Tag Archives: Ramen

Mensho Ramen, San Francisco

27 Feb


Excellent ramen– Tori Paitan– savory-umami rich broth from chicken bones with some fermented flavors, with pork and duck chashu and good toothy noodles. The Suntory Premium Malts on tap was good company. Worth waiting in line an hour.

A Tale of Three Ramens, Tokyo

24 Nov

Striking a few ramen spots around Tokyo opportunistically on the first and last days of the trip (and at the end of the trip finding one amazing one whose name I still don’t know, in Southeastern Tokyo near the Daimon station).

Many major train stations have a nearby food alley, and I heard Shinagawa station had a “ramen alley” Shinatatsu. After landing at Narita but before hopping a shinkansen to another part of Japan (Shinagawa’s conveniently one of the shinkansen connection points), I dragged my suitcase out the West exit and then South along a dark sidewalk. It felt like I was in the wrong place– an industrial sidewalk  hugging the station wall, with no business or signs of life, and cars rushing by to my right. But just two blocks later, a glowing entrance beckoned me to step down to a wooden boardwalk below street level lined with 7 or 8 ramen shops.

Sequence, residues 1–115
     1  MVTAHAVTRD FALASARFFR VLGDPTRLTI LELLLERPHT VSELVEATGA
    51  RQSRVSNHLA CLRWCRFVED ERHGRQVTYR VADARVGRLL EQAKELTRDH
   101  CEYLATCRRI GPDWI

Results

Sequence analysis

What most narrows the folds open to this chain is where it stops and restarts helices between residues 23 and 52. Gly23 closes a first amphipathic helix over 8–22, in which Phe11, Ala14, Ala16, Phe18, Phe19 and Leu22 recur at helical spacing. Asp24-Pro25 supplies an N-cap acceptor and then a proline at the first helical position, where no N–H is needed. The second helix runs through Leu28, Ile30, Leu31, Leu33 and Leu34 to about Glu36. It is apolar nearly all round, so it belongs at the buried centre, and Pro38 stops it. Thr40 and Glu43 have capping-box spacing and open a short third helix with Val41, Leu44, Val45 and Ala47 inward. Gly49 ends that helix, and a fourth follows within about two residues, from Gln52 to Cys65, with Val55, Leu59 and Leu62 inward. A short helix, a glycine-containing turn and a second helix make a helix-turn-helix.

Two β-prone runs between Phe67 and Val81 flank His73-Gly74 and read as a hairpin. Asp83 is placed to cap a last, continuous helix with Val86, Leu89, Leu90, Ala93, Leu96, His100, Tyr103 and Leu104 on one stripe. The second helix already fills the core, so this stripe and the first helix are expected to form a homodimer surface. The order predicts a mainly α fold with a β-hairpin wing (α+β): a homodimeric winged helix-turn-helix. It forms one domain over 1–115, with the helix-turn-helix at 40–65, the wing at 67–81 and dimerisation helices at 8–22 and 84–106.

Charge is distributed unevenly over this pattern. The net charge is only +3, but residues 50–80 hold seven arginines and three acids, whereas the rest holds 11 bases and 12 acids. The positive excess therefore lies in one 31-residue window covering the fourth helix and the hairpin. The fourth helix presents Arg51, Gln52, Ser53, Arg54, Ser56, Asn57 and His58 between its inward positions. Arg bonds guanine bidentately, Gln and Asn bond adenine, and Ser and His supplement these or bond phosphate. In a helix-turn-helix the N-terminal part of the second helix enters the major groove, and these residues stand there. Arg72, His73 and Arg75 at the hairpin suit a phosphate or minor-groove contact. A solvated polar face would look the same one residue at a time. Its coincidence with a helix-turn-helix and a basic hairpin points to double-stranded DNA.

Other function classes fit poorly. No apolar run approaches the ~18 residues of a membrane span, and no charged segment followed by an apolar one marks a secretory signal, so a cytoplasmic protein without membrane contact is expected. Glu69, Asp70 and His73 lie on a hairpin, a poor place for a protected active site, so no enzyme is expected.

I squeezed my way into Tetsu, which I’d read about as one of the pioneers of the tsukemen ramen style.

As at all ramen shops I’ve been to here, before you sit down you choose your ramen and toppings from a vending machine which prints out a ticket– you then hand that ticket to the waiter. Some of these vending machines also have photos of each dish on the buttons, but this one didn’t.


Fortunately, even though I can’t read any kanji, I had brushed up on the two phoentic alphabets (there are various hiragana/katajana smartphone flash card apps these days, and with a week of study before the trip I had them reasonably well memorized– I recommend this as you can sound out a surprising number of street signs and menus this way– or at least keep a cheat sheet). For example, the top left small button on the machine is all phoenetic and spells out Tsu-ke-me-n, and the button in row 4 column 3 spells out me-n-ma (bamboo shoots).

Then the ramen arrived, and it was what I thought I’d ordered! Whew. The tsukemen style is “dipping ramen” — you get a bowl of ramen in a plain broth along with a bowl of heated, strongly-flavored sauce, and you dip and eat.

It was a rich, slightly oily, sweet, and nutty sauce, almost like a gravy, and a very different ramen experience. The noodles themselves were very good– springy and firm, and it hit the spot and transformed me from grumpy and low on sleep to relaxed and low on sleep (enough to at least make it through the few hours of additional travel), but overall it was too rich and not my favorite ramen style– it mirrors how I feel about deep dish pizza compared to thin-crust.


At the end of the trip, a morning bowl of ramen. Decent, and a good deal at $6, but nothing special.


And then, the last night in Tokyo with a friend, after not having a hotel lined up at 11pm and scrambling to find one, everything fell into place– and there was a ramen shop a block down the street that was amazingly good. I still think about it.